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What will Archuleta County do without San Jan Basin Public Health?

'We cannot fail at this,’ says Commissioner Warren Brown
La Plata County has begun to execute plans to establish its own health department. Archuleta County has to do the same, but is not as far along in the process. (Jerry McBride/Durango Herald file)

More than two months have passed since commissioners in Archuleta and La Plata counties voted to dissolve San Juan Basin Public Health, the department that has serviced the counties’ residents for 74 years. The department will cease to provide services at the end of 2023.

A month later, the La Plata Board commissioners were interviewing candidates to serve on a board of health that will govern La Plata County Public Health, which will assume responsibility for the county’s public health services at the stroke of midnight on Jan. 1, 2024. The BoCC named seven members to the board on Jan. 24.

It was not immediately clear after the Nov. 15 vote to dissolve whether Archuleta County would create its own department or seek to join its neighbors. The Silver Thread Public Health District services Hinsdale and Mineral counties, Archuleta’s neighbors to the north. After the vote, Archuleta County Attorney Todd Weaver said joining STPHD was one possibility.

The tumult of the COVID-19 pandemic led to a similar divorce in the Denver region; the Tri-County Health Department, which serviced Arapahoe, Adams and Douglas counties, shuttered its doors on Dec. 31. Under Title 25 of the Colorado statute, counties must run a health department or be incorporated into a multicounty public health district.

Now, Archuleta County Commissioner Warren Brown says the county will establish its own district, which will be called the Archuleta County Public Health Department.

“I believe it was unfortunate that the two counties decided to separate,” he said. “However, this is where we are. And I think this is our best opportunity to put a health department together that does reflect who Archuleta County is and what specifically our citizens need as far as the services – not only statutory services, but beyond that.”

Brown served as the liaison between the Archuleta commissioners and a “Health District Investigation Committee” formed in August 2021 to investigate the feasibility and ramifications of leaving SJBPH. The committee came to no specific conclusions but created an atmosphere around the stage upon which SJBPH’s demise ultimately played out.

La Plata County appears well-poised to have its health department operational by the new year. The county appropriated $940,000 in its 2023 budget for the department and now has a board of health that appears anxious to address the needs of county residents. The 2023 Archuleta County budget includes funding for SJBPH through the end of the year, but makes no mention of, nor allocates funds for its new health department.

This is not to say that the county will be entirely stranded. Under the intergovernmental agreement approved in November, the counties will split SJBPH’s assets according to their comparative size. Archuleta County will take ownership over the building in Pagosa Springs, two of the department’s eight vehicles, as well as a portion of any remaining cash.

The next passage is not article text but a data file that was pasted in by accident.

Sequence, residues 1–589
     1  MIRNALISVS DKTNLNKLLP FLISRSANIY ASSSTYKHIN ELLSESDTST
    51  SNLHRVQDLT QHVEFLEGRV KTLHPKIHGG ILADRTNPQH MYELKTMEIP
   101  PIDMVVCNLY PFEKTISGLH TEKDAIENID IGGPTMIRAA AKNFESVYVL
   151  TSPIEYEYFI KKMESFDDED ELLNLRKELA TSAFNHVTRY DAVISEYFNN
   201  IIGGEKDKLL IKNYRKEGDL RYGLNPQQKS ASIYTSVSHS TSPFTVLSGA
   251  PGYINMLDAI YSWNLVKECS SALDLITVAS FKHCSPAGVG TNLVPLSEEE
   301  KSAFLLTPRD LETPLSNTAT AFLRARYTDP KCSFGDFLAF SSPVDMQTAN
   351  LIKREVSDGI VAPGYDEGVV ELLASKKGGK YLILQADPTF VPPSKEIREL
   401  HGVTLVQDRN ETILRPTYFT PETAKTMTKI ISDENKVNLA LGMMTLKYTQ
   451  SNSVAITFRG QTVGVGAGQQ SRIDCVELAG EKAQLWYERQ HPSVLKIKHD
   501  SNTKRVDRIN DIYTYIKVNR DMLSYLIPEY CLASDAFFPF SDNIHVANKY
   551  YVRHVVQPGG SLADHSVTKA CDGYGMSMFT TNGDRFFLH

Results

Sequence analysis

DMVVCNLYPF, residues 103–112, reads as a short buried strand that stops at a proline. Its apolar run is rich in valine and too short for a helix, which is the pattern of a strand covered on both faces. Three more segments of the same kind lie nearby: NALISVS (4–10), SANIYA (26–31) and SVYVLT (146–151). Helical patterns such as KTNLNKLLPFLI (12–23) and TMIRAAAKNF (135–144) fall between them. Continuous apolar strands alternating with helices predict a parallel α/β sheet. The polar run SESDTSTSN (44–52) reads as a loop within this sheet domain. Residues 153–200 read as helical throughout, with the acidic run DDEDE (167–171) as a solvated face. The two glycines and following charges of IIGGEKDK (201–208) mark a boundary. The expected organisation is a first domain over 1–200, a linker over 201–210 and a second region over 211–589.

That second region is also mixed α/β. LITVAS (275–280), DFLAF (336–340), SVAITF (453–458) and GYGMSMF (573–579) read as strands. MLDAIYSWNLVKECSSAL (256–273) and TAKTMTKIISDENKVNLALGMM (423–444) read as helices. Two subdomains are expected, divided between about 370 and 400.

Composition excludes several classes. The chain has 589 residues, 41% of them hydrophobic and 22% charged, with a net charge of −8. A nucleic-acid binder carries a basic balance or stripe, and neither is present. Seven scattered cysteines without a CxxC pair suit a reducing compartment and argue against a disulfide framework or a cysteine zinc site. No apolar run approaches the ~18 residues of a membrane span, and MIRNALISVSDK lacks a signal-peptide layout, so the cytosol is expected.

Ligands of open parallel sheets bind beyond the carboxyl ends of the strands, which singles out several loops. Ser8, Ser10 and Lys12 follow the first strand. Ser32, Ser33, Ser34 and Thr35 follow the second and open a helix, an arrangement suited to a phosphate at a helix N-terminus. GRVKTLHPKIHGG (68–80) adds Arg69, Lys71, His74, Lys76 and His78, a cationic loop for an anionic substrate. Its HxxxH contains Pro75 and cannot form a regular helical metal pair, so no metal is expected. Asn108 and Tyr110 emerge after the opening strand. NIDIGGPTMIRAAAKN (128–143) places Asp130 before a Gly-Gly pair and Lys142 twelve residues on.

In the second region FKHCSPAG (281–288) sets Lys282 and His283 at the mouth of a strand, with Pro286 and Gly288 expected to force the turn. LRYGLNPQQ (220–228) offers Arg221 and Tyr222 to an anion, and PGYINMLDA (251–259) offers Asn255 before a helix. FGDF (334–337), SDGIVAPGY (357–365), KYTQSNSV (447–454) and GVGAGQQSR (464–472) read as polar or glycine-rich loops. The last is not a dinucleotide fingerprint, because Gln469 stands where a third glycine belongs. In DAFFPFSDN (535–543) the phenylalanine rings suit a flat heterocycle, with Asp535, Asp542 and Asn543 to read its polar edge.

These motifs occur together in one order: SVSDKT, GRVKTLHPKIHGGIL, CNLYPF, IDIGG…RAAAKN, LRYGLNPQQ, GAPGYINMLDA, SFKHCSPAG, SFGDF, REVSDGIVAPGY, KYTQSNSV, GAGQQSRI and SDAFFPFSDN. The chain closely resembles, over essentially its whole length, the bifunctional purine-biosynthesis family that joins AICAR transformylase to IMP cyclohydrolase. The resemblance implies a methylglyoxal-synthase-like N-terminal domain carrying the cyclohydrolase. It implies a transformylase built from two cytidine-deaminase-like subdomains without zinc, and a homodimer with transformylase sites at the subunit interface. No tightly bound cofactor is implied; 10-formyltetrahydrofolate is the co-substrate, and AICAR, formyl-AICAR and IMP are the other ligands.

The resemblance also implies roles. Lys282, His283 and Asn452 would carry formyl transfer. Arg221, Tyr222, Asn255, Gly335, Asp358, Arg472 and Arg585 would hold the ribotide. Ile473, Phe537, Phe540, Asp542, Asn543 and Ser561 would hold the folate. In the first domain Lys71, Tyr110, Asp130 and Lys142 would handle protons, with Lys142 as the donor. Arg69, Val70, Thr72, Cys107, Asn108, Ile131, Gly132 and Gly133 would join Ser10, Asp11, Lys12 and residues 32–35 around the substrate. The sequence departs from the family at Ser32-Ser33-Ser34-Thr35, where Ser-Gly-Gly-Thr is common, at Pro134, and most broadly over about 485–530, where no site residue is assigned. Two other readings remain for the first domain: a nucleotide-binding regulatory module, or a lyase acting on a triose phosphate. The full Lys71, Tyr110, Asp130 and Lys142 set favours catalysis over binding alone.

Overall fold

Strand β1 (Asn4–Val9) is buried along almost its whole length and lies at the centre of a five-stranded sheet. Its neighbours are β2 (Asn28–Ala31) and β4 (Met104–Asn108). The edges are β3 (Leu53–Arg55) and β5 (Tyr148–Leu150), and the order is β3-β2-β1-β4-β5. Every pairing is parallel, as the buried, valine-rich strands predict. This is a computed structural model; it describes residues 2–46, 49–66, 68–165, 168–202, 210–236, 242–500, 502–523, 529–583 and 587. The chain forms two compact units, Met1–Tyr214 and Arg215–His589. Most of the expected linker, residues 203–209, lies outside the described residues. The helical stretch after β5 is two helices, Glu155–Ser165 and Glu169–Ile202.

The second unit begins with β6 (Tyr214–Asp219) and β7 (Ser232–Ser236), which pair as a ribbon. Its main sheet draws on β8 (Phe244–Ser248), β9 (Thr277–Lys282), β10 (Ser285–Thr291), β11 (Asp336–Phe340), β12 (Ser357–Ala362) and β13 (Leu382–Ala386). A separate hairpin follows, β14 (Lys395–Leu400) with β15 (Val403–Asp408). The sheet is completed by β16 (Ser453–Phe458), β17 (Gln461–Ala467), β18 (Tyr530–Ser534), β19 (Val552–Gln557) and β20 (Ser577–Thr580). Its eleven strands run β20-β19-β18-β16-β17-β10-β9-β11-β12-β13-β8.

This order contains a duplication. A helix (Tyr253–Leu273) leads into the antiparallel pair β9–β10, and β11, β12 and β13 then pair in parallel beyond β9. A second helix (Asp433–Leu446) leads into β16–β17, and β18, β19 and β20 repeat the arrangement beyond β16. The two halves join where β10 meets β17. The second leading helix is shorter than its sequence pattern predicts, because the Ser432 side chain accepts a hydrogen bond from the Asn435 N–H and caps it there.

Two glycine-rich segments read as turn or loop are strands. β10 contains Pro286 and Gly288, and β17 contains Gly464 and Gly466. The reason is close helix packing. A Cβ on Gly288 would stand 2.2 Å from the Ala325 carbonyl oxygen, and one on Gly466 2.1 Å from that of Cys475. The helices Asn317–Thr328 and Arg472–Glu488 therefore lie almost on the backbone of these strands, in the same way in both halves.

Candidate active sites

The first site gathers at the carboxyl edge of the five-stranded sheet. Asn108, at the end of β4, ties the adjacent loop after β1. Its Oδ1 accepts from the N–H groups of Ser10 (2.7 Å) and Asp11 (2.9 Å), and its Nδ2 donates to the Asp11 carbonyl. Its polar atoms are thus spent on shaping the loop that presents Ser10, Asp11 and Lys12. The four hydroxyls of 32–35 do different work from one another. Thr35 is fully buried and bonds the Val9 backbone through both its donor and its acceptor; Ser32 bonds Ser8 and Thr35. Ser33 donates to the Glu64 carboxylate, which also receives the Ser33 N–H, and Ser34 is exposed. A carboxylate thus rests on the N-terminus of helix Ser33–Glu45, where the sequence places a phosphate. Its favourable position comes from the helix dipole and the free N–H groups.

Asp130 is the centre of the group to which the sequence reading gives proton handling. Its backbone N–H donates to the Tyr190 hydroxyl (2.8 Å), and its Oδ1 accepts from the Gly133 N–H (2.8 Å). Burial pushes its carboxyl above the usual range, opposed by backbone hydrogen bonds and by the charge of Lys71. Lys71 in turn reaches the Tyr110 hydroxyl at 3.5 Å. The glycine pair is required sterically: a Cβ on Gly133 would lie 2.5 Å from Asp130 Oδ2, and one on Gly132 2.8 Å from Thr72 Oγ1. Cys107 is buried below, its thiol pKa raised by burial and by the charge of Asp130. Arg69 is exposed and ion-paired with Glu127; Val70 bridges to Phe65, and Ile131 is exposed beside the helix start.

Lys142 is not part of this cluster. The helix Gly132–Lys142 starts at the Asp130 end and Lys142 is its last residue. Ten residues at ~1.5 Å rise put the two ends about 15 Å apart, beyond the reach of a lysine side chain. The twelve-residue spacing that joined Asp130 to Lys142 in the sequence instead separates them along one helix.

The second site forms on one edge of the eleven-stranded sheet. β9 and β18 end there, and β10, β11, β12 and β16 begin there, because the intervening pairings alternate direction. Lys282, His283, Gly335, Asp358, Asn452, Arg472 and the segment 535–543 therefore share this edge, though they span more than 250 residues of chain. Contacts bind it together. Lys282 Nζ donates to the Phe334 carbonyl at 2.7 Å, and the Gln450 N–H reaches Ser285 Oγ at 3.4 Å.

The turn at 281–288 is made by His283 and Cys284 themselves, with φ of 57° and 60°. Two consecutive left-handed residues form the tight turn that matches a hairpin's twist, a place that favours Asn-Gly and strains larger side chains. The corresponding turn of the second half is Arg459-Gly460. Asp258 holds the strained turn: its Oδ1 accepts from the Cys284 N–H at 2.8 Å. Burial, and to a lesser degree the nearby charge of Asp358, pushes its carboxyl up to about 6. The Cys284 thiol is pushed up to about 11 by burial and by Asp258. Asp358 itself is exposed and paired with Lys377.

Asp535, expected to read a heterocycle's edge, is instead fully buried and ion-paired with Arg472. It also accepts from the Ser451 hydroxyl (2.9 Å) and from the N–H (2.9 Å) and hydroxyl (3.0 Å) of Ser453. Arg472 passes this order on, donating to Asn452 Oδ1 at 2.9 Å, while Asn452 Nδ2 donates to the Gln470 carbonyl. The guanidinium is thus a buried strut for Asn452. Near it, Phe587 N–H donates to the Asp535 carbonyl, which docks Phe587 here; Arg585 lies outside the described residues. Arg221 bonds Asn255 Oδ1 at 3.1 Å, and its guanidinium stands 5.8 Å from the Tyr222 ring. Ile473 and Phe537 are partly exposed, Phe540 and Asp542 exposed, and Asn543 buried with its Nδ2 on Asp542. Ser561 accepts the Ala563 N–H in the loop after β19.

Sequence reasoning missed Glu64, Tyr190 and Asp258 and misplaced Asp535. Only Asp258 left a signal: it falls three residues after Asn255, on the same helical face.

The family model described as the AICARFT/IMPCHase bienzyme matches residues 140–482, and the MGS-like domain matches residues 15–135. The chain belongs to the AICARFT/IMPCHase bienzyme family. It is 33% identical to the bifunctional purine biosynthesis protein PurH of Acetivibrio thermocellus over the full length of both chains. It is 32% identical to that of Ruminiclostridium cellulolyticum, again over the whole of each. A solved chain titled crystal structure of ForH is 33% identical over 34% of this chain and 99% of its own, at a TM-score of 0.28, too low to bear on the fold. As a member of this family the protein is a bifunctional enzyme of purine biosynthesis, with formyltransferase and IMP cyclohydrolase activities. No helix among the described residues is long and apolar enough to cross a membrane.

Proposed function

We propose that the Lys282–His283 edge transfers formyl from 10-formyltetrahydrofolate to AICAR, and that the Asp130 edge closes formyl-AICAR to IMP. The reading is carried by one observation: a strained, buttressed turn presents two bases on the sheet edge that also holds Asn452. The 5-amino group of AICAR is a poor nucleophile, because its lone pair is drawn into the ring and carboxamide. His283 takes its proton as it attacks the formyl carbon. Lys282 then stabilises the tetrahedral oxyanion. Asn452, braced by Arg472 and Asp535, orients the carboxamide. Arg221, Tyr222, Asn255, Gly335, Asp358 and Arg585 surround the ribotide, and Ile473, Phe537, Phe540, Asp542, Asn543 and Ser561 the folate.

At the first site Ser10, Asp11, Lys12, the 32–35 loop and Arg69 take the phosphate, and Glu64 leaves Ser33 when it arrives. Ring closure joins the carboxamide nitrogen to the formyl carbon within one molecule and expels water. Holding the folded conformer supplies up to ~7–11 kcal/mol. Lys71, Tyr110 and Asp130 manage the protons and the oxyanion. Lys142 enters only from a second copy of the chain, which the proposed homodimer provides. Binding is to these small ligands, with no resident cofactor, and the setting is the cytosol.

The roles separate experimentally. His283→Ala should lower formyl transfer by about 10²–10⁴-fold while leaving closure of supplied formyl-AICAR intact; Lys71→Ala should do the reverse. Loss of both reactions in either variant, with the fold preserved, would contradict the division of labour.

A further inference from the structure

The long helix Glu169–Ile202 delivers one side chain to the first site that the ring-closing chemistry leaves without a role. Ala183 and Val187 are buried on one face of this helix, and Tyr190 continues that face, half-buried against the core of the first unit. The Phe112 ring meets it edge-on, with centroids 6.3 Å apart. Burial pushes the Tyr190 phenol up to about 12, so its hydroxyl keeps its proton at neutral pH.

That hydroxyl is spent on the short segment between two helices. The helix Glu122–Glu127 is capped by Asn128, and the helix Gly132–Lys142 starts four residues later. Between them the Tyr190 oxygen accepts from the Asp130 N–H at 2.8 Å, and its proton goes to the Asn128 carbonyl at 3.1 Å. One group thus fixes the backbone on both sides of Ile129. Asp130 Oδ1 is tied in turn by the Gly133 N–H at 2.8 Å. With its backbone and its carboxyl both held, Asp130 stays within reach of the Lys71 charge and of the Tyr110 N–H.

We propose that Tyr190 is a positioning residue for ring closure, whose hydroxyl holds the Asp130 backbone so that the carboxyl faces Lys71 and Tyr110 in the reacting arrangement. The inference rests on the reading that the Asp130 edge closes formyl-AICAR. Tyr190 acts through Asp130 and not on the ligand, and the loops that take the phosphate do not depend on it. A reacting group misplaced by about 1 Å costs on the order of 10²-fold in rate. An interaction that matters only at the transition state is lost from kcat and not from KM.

Brown said he is well aware of the challenge that he and his fellow commissioners now face.

“This is not a venture that can fail – we cannot fail,” Brown said. “We are, in essence, going to get one opportunity. And from my perspective, I want us to use that opportunity well, and to do it right.”

Archuleta County has received 17 applications from residents hoping to serve on a transition committee that will make recommendations to the board, and commissioners will interview some of those applicants in coming weeks.

He also said that SJBPH and La Plata County leadership have both offered to share information and resources to assist the county.

“We’re working with them closely,” said La Plata County Commissioner Marsha Porter-Norton.

Liane Jollon, executive director of SJBPH, said she and her staff worked hard to ease the transition.

“We’ve created shared documents where we have shared all of the funding contracts, all of the resources and logistics that we and the staff need to deliver the programs,” she said. “We have made sure that all of that has been available to each county for months, and have spent time doing presentations to make sure that they understand what's in those documents that we’ve provided.”

Brown said that while finances are less of a concern given that county contributions comprise only 23% of SJBPH’s budget and the rest is grant-funded, the bigger concern is finding adequately experienced staff members to run the department.

“We stand a very good chance of finding adequate funding,” he said. “However, what worries me is the lack of experience that we have. You can’t buy experience. I think that’s going to be our greatest hurdle, is having that experience base to draw from on a day-to-day basis.”

Jollon said the current SJBPH staff is a ripe pool of talent that both counties could draw upon.

Now that the clock has begun to tick, Brown said Archuleta County is feeling the pressure. Even though the department has offered to provide information to Archuleta County, he said the benefit of La Plata County’s “close relationship” with SJBPH has helped facilitate the immediate initiation of the transition process.

“I don’t feel like we have any time to waste,” he said.


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